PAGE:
By Dick Duerksen
One hot afternoon last summer a couple of US Marines showed up at the front gate of Big Lake Youth Camp.
“Our platoon is working on a project over at Fish Lake this month. The team is hot and tired. Is there any chance we could come over and have a barbecue on your beach as a day off?”
“Our camp culture says that we try to find ways to say yes,” says Camp Director Les Zollbrecht. “That’s what we do. Find a way to say yes so everyone can experience a love so compelling.”
Since the request came during the week of camp meeting for the Oregon Conference, no campers were scheduled for the lakefront on Sunday. On Sunday afternoon, the camp staff watched in awe as Marines climbed out of huge troop-haulers and helped set up a barbecue on Big Lake’s beach. As the sun was setting a Marine Captain came over and thanked Director Les for the afternoon.
“Thank you! “We’ve had such a good time! We noticed though, that the steps and the ramp leading down to the dock could use a little repair. We have four welders that are free. Would you mind if we had them come over and do this project for you, as a way to give back for your kindness?”
After they had secured approval from the necessary authorities, the welders turned on the torches.
This year, before Big Lake’s camp season began, the Marines contacted Director Les.
“Our experience at Big Lake was so awesome last year! We’d like to bring a whole platoon of Marine Engineers to do more projects for Big Lake!”
The Marines came. Fifty-four of them! They spread gravel on the main camp roads to reduce dust problems. They cut down dead trees, and they rebuilt the retaining wall by the lodge. Built new wooden life-guard towers on the docks, a new blob tower, and a new deck for a cabin.
“They take full ownership of every task, and when they finish a project they ask for more. What they do is beyond excellence,” says Ranger Paul.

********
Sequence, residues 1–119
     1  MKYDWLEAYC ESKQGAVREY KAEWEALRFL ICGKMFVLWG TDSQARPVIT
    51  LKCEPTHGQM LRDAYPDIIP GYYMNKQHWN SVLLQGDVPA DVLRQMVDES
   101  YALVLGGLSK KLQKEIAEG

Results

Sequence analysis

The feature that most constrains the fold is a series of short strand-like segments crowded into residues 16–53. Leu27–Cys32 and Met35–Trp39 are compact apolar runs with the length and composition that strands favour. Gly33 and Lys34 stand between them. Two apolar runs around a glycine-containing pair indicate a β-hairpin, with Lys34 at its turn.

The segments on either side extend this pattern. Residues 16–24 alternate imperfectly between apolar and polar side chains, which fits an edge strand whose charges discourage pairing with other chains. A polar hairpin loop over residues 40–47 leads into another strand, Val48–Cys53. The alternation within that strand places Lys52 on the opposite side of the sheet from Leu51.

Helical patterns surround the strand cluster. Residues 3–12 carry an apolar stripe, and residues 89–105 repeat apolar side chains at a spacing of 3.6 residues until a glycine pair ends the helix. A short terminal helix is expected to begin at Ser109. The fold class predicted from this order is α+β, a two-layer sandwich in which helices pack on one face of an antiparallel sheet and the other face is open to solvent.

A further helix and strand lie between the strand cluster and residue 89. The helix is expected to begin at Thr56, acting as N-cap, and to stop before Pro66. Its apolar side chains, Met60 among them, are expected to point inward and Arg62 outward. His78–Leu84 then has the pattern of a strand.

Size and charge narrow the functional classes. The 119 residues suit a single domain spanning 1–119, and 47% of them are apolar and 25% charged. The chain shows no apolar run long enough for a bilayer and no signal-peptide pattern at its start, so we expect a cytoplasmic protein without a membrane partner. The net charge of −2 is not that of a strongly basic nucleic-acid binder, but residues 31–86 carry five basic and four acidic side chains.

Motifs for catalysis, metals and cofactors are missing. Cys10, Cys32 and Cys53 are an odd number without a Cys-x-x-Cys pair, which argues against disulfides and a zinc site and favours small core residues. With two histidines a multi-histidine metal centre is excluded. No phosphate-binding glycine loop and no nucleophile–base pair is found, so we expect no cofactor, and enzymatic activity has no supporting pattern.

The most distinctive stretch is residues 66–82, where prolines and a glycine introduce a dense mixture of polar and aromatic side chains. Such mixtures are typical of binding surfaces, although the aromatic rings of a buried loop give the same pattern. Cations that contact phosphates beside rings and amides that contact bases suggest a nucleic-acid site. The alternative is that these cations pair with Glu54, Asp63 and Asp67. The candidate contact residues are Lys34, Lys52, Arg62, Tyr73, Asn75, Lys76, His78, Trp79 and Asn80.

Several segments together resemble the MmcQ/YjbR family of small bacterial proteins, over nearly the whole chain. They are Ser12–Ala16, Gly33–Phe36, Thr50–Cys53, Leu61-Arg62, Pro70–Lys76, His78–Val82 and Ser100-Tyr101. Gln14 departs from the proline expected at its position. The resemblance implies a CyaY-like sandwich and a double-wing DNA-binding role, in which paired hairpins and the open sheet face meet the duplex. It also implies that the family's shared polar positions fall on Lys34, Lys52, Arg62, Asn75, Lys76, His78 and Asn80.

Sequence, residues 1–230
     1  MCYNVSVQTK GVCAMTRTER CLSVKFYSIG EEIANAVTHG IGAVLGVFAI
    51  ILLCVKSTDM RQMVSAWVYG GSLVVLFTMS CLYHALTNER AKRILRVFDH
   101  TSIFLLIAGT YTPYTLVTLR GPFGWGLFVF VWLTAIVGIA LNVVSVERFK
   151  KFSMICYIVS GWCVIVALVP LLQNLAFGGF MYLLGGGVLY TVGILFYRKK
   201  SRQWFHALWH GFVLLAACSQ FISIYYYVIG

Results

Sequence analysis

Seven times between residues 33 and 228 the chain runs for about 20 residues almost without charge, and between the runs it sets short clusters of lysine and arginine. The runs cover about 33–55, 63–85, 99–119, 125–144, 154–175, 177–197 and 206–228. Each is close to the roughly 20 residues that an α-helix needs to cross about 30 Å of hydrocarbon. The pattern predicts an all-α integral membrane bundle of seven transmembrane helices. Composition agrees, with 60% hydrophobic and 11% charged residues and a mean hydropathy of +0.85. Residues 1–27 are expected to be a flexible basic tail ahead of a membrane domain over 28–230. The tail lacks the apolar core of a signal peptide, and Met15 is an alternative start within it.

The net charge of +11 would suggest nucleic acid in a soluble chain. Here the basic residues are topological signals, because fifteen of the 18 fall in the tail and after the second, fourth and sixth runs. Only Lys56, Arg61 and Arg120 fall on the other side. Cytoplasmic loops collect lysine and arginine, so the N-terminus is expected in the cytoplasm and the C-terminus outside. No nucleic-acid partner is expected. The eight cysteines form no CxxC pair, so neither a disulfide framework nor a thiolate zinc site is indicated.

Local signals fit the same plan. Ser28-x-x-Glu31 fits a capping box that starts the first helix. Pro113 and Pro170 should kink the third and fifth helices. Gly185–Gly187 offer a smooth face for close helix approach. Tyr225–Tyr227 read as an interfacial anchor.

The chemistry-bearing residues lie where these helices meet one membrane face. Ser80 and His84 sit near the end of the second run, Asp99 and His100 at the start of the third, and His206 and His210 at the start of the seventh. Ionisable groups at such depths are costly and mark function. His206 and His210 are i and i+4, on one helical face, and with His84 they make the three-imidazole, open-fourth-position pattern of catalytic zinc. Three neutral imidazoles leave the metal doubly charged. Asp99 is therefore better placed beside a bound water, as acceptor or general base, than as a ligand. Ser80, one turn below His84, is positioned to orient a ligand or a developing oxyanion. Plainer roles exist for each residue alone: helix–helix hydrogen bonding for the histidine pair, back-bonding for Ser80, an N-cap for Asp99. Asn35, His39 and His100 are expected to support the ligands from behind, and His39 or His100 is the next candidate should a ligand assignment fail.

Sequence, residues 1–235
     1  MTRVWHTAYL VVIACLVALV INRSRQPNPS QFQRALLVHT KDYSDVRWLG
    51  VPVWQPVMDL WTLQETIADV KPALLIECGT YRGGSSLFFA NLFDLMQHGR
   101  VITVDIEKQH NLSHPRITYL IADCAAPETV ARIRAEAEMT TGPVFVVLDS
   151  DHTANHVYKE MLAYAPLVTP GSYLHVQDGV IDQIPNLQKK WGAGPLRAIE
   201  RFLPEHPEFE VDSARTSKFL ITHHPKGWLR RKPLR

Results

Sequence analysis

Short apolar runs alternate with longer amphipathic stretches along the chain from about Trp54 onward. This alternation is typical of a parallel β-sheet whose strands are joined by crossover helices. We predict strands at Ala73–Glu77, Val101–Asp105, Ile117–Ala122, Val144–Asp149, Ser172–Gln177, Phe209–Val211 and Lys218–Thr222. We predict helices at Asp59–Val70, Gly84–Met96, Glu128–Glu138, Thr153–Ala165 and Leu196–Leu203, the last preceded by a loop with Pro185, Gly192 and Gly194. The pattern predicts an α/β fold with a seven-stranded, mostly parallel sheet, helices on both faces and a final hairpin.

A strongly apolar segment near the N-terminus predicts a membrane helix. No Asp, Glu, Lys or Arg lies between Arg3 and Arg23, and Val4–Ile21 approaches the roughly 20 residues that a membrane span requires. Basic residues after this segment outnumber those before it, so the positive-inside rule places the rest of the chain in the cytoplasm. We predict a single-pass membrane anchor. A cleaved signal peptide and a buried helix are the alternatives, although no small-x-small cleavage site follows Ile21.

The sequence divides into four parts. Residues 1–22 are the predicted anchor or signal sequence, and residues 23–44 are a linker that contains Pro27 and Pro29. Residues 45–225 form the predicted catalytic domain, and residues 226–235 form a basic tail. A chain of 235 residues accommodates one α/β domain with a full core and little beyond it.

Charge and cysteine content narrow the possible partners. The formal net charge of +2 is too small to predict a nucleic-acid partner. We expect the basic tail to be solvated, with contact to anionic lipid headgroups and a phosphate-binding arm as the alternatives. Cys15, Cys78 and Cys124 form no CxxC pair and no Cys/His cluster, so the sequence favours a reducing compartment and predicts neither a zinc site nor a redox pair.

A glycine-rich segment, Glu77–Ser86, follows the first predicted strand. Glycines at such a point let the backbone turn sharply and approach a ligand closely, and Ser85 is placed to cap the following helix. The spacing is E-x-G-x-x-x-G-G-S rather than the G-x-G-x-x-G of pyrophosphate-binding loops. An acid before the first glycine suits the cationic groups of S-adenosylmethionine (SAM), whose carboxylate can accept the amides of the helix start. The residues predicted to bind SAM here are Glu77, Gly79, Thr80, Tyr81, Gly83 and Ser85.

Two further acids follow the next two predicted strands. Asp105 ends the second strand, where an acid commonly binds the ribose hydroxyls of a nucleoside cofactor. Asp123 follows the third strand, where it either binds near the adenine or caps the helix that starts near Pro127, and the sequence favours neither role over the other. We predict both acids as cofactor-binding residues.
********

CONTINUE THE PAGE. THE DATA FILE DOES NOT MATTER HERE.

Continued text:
One day the Staff Sergeant stopped to talk with Director Les.
“Sir,” the Sergeant said, “there’s something about this place that is so amazing and different. I’ve never seen our troops happier. Your staff is so friendly and engaging. What is it?
“Well, we believe in a culture of empowering and loving people,” answered Les. “When we have love in our hearts we want to see others thrive and become the best version of themselves. That’s what God and His love is all about, and it’s what makes this a special place.”
The next day the Captain stopped by. “Sergeant said he had a great conversation with you yesterday. He’d like for you to come talk with the platoon about the empowering culture of Big lake. Would you be willing to do that?”
Friday afternoon Big Lake staff invited the Marines to join them for Sabbath, if they’d like. Thirteen chose to worship with the Big Lake Summer staff.
“Several of them came to us after of worship time and said they wanted what we had,” says Jonathan Thompson, RAD Camp Director. “The ability to be open and vulnerable on a genuine human level. This week we all experienced that together.”
One of the Marines remembers Sabbath as a very special day. “I liked the activities,” he said. “Wasn’t really expecting that, but I think some of our Marines were having more fun than the campers. We’re definitely really happy to be here where you have relevant projects and friendly people.”
“God knew that we needed some improvements here,” says one of the Big Lake staff members. “Having the Marines come showed us that God’s really looking after us. When God moves, He MOVES, and we get a front row seat!”
Before leaving Big Lake, the Marine Captain found Director Les and asked him another question.“Would it be OK if we came back next year? We’ve still got a lot of work to do on the stables, and it looks like your lodge room needs to be replaced. Each year we set two weeks aside to practice building things. Seems like this is the perfect place to do that!”